By Laura BennettTuesday 19 Feb 2019Hope Afternoons
Think back to the year 2000. We were freaking out about Y2K, the fashion of the new millennium, and Mel Gibson’s decision to wear stockings in What Women Want.
19 years later the social fantasy has been gender-flipped, and we’re getting into men’s minds in What Men Want.
Ali Davis (Taraji P. Henson) is an accomplished sports agent who gets passed up for promotion by her male colleagues. Fed up with their lack of self-awareness and oversight, Ali wonders what she has to do to succeed in a man’s world. Seeing a psychic at a friend’s party, Ali drinks a weird tea concoction that suddenly allows her to hear men’s thoughts, and uses them to get the advantage over her workmates.
At face value, What Men Want is a pretty trashy movie. Ali and her friends have a penchant for drug use, elevator hook-ups, and are pretty lax on the rules around marriage.
Ali’s ‘Christian’ friend simultaneously skips drugs in favour of Jesus, but also organises the psychic for her pals. In the midst of that, Ali is being held up as a mouthpiece for the current women’s rights movement, and a leader to get behind.
That What Men Want is trying to be a picture of equality and liberation, is hard to stomach though.
Women ‘As Vulgar as The Dudes’
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Released to coincide with Valentine’s Day, the movie’s copied a type of ‘womanhood’ that’s unfortunately trendy at the moment. The new wave of female-led comedies (Rough Night, Girls Trip, Trainwreck), makes characters as ‘vulgar as the dudes’ (The Hangover, Wedding Crashers, Get Hard), and sees it as equality in entertainment and expression.
In doing that, the strength of what distinguishes a woman is overlooked and we’re left with the idea that if you a copy a man you can be as powerful as one; even if his values are questionable.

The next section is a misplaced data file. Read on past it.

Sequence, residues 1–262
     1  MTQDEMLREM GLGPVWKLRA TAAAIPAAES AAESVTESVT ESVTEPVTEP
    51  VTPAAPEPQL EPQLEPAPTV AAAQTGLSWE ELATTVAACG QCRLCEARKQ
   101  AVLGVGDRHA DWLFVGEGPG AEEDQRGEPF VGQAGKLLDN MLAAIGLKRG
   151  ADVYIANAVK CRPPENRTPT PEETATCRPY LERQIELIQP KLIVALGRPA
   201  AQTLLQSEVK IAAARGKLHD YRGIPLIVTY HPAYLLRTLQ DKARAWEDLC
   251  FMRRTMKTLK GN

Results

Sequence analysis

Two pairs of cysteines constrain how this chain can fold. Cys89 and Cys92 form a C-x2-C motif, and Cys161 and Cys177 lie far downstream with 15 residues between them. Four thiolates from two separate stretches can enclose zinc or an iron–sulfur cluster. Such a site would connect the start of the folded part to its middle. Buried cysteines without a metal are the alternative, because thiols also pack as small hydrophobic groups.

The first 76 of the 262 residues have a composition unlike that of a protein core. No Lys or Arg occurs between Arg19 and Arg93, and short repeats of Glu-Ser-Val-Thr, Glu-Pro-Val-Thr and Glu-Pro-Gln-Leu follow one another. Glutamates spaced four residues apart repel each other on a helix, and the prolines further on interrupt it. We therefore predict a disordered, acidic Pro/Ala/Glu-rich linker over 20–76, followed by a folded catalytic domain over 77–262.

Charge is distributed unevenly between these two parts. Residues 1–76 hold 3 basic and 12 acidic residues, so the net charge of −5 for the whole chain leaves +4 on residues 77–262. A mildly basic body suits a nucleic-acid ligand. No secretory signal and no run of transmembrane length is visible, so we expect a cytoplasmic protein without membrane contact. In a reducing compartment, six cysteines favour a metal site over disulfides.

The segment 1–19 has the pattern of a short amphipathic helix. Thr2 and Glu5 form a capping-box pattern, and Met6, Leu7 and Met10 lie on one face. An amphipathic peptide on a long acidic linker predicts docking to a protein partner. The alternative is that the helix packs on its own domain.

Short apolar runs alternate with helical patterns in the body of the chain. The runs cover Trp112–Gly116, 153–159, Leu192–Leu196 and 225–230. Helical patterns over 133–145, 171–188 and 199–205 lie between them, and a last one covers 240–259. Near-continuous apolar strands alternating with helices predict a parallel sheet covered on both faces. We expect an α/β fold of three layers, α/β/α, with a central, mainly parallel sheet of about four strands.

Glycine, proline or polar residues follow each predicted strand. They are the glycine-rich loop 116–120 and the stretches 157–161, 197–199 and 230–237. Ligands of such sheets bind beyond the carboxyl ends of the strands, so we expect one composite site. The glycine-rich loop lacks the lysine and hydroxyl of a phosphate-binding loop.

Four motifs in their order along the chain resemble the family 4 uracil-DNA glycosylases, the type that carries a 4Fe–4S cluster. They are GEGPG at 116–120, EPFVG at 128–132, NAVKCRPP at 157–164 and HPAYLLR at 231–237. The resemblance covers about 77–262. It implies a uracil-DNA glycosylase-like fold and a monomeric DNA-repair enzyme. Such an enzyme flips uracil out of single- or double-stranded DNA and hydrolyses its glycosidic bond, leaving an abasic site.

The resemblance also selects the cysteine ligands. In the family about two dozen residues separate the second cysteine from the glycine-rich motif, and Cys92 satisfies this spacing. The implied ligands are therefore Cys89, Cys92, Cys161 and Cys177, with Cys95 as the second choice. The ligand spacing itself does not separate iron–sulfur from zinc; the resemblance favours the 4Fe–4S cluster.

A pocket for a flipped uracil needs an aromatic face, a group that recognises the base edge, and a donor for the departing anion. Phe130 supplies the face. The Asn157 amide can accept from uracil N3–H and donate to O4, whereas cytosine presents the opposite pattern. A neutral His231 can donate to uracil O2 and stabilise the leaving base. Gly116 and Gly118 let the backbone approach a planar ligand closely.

The moment What Men Want gets interesting is three–quarters of the way through. Ali’s love interest Will tells her that knowing what a man thinks doesn’t show you what’s happening in his heart. He says you can’t fully judge a person based on what’s happening in their mind.
“We’re left with the idea that if you a copy a man you can be as powerful as one; even if his values are questionable.”
It reflects the truth Proverbs reveals about the power of thoughts to shape a man, but how, with our words and actions, together they complete the picture of who we are.
Ali also comes to realise that despite hearing men’s thoughts, she hasn’t considered what they represent. Yes, What Men Want includes the stereotypes you’d expect, but shows men to be vulnerable, caring, and in need of the same connection we all crave.
Ali’s confronted by the effect of her quest for control and to win at all costs.
These heartfelt scenes aren’t enough to outdo the majority of the movie (and pale in comparison to On the Basis of Sex’s approach to women’s rights), but they do offer a small dose of wisdom for its viewers if they choose to hear it.
But honestly, save yourself $25 and watch something on Netflix instead.